Objectives: The students will analyze how the Civil Rights Movement/ Black Power Movement influenced and effected poetry during this time. How did poetry not only bring societal issues to the forefront but bought poetry into mainstream culture as well?

Materials/Resources:

  • Video segments of various documentaries of your choosing
  • Video worksheets
  • Poetry
  • Poetry Worksheet
  • Bios of selected poets
  • Poetry sound clips
  • Computer

Procedures: The students will research about the Jim Crow era and the movements that resulted from that systemic oppression. The students will take notes on the poetry of that time period and the influence it had on not only African-Americans at this time but its relation to the counterculture undercurrent sweeping America at that time.

Strategies: The students will discuss their findings and compare and contrast the poetry showing the African-American experience at the time with poetry explaining the African-American experience today. What are some of these issues people faced and are facing? What has changed? What voice did poetry actually have?

Closing Activity: Write a poem as a person who has lived through the Black Power Movement and is now viewing the world today. What is the stark contrast between then and now? Complete a Venn diagram stressing the differences and similarities between movements then and the pavements of today.

Final Lesson: Poets’ Café

Objectives: Poets’ café. Students will imagine they are different essential poets during certain movements and moments in African-American history. These roles will be randomly selected and differ from class to class. They will then collaborate with the rest of the class to plan this café using research of what poet’s café is supposed to sound, feel and look like.

Materials/Resources:

  • Video segments of various documentaries of your choosing
  • Video worksheets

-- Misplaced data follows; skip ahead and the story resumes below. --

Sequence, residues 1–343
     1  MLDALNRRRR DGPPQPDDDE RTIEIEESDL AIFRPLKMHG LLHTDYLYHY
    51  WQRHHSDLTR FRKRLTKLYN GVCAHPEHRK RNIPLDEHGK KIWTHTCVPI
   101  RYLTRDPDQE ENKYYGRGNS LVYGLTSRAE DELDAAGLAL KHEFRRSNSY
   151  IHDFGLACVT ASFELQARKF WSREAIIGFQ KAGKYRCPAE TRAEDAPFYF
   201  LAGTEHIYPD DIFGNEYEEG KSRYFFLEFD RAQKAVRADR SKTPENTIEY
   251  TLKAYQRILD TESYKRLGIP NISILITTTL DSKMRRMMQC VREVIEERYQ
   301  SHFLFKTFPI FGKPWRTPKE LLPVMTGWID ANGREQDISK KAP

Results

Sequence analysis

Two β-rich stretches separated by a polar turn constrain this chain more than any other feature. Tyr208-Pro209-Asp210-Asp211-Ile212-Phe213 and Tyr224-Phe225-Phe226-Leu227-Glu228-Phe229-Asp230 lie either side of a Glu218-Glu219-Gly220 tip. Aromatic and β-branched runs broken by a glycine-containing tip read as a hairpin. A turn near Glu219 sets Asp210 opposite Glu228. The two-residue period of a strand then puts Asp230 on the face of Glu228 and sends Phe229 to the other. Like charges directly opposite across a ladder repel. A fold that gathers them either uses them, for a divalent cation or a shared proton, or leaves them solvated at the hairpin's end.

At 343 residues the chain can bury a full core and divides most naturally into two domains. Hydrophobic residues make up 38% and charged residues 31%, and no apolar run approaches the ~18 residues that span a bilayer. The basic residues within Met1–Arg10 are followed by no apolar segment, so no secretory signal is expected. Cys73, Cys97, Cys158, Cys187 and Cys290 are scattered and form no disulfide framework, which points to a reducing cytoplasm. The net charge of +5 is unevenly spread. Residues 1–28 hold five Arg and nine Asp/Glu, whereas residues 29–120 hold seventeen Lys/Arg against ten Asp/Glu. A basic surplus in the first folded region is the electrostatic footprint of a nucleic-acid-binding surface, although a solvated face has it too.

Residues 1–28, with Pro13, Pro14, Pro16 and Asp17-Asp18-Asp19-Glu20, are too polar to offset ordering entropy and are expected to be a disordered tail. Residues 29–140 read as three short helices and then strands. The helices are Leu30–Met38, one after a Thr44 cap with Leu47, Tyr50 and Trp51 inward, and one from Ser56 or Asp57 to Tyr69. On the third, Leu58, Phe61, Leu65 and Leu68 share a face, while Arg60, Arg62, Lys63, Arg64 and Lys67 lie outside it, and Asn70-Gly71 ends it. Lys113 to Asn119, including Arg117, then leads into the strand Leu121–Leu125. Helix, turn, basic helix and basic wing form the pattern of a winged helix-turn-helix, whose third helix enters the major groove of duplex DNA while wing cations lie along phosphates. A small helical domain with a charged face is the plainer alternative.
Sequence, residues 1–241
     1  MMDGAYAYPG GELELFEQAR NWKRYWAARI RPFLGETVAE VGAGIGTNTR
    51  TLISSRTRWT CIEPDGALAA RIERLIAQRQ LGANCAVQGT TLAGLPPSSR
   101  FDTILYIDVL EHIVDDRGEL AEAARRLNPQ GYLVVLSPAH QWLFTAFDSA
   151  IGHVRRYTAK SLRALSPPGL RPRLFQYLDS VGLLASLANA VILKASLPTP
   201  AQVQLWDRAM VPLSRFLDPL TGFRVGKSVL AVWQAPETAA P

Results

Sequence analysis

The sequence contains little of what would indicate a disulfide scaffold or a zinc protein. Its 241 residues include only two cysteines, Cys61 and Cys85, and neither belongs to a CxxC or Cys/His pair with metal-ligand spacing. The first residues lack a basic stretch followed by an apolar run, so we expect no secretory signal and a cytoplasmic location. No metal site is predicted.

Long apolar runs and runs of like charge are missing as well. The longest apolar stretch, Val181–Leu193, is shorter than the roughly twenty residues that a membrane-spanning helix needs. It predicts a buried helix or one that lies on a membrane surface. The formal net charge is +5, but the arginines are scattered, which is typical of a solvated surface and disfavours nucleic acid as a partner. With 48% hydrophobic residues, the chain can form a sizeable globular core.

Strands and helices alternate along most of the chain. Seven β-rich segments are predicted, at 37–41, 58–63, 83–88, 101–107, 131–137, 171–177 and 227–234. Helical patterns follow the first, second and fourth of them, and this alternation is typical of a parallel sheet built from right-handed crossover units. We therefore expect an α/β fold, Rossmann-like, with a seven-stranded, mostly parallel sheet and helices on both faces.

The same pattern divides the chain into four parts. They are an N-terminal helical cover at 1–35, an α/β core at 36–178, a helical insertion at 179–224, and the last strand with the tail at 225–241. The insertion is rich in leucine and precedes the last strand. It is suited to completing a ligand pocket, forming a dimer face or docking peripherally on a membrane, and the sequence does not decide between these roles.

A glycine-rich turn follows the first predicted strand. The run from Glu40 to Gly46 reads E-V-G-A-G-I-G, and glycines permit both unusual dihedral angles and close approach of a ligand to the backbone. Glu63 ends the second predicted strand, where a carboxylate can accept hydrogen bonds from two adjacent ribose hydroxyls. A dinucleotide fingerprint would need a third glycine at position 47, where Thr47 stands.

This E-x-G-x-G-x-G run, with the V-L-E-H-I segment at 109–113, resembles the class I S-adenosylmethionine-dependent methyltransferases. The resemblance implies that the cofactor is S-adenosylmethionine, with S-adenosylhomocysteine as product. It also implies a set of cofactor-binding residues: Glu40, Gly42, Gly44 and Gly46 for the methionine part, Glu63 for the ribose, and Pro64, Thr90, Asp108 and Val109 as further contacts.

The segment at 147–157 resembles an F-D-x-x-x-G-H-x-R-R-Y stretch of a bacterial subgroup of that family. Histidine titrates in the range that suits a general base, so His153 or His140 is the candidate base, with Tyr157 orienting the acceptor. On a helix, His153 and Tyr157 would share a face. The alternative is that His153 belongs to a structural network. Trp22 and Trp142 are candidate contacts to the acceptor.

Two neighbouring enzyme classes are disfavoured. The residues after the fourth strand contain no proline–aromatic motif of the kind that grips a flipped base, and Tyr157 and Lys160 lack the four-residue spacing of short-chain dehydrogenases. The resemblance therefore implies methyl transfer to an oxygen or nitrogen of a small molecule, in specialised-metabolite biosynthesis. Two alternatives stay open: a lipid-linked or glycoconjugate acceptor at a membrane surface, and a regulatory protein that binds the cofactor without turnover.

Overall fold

• Poetry
  • Poetry Worksheet
  • Bios of selected poets
  • Poetry sound clips
  • Computer

Procedures: The students will research different poets and what a poets’ café is. They will use the internet to do this research. Why is this poet and poem essential? Why are these societal issues focused on in this particular poem? The students will document the process and explain the different societal issues, the purpose of the café and why these issues are important to understand the African-American experience in this country.

Closing Activity: What types of poems are typically performed? Where are poets ‘cafes typically held? The students will document the answers to these questions and explain why this form of artistic expression was essential in getting out some of the messages of respective movements in African-American History. The students will write a five paragraph essay on their findings not inclusive of any poetry they have done in the course of this unit.

Adaptations to the Final Project:

  • PowerPoint Presentation
  • Skit
  • Journal Entry
  • Rubric for Journal Entries (Sample)

Rubric for Historical Fiction (letters, journals, poems and newspaper articles)


This rubric was taken from historywithmrgreen.com

Poets Café Journal Entry Assignment (Sample)

Imagine you are an essential African-American poet during a significant movement in United States History.Why are you and your poetry essential? Why are these societal issues focused on in this particular poem? You will document the process and explain the different societal issues, the purpose of the café and why these issues are important to understand the African-American experience in this country.

Dear Journal,
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Story Writing : Poem Writing Rubric


This rubric was taken from rubistar.com

Write a poem as a person who has lived through the Black Power Movement and is now viewing the world today. What is the stark contrast between then and now? Complete a Venn diagram stressing the differences and similarities between movements then and the pavements of today.